Continue reading “Question: Truths and Myths About Healing”

A Conversation With My Non-Christian Mom About Being A Pastor.

My mom asks me what it’s like to be a pastor, and how hard it must be to get so involved with so many lives.  She says, “It has to be like living with a bunch of people all at once” — and that was probably the best description I’ve heard of ministry.

At one point my mom says, “Be careful though.  If you blow up just once, you’ll never be respected ever again.”  She said this was true in marriage, in parenting, in business, at home.

I had to disagree here.  I couldn’t believe in “You mess up one time and it’s over.”  My mom kept repeating, “No, when someone blows up on me one time, I cut them off and it’s done.  Because they’re showing me who they really are and they’re just a low-class nobody.”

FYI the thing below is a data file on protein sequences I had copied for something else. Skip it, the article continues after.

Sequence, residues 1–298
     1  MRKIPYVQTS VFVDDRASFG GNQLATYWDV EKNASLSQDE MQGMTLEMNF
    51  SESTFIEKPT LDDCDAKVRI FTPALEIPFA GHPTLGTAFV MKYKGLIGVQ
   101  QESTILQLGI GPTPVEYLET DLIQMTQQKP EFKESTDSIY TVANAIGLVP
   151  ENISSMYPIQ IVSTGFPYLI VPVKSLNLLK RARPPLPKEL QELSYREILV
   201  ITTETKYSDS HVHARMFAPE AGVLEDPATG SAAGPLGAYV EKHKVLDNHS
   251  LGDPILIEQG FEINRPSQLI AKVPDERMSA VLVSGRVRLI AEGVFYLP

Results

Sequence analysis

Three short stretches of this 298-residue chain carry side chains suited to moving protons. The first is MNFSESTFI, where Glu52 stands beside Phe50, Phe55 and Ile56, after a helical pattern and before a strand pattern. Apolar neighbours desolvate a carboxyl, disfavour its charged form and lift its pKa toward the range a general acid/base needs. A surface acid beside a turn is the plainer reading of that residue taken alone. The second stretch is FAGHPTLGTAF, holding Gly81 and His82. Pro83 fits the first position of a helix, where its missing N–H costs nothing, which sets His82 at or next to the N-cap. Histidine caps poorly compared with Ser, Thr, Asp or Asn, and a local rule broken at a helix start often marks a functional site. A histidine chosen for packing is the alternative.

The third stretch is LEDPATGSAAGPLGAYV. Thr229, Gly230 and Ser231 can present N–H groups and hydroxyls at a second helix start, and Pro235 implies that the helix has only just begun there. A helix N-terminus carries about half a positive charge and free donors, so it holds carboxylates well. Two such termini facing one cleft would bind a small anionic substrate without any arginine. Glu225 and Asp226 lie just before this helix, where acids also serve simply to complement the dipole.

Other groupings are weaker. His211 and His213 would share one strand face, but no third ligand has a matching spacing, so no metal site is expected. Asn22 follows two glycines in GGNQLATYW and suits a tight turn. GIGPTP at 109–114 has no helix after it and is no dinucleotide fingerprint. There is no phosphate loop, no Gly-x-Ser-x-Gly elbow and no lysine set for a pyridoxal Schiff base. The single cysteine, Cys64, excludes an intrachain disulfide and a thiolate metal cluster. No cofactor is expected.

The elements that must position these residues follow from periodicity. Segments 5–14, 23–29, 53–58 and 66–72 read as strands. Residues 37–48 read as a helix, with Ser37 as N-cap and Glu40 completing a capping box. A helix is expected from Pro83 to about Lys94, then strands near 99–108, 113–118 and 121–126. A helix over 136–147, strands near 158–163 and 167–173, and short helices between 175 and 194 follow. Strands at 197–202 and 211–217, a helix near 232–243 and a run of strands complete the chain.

So I tell her: “Mom, you know: I’ve hung out with people long enough to see them the moment after they blow up, that part when they regret what they said and wish they could take it back and want to re-do the whole thing all over again.  No one sees that part.  I see it all the time.  The look in their eyes, like they just want to punish themselves.  Their stammering confession.  The guilt.  This idea that they thought they were making progress, but suddenly they melted down, so they doubt that they’ve ever done anything good.  It kills them.  I talk to these same people at 3am and they can’t sleep because they think their life is over from their one mess-up, and they’re convinced that one time marks them forever.